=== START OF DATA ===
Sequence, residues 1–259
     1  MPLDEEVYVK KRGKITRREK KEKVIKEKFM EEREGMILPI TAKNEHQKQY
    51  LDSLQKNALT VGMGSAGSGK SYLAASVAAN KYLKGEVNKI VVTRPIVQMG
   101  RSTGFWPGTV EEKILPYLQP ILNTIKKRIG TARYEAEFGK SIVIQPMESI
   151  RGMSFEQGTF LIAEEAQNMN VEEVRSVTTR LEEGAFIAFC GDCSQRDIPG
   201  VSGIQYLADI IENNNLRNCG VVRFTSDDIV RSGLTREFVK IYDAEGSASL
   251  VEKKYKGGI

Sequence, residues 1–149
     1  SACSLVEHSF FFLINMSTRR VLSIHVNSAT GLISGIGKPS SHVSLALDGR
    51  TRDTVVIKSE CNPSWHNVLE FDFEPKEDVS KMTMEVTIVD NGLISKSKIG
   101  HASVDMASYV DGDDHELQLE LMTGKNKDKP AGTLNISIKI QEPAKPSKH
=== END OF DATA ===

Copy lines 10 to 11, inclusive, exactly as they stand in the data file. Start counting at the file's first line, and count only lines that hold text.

    51  TRDTVVIKSE CNPSWHNVLE FDFEPKEDVS KMTMEVTIVD NGLISKSKIG
   101  HASVDMASYV DGDDHELQLE LMTGKNKDKP AGTLNISIKI QEPAKPSKH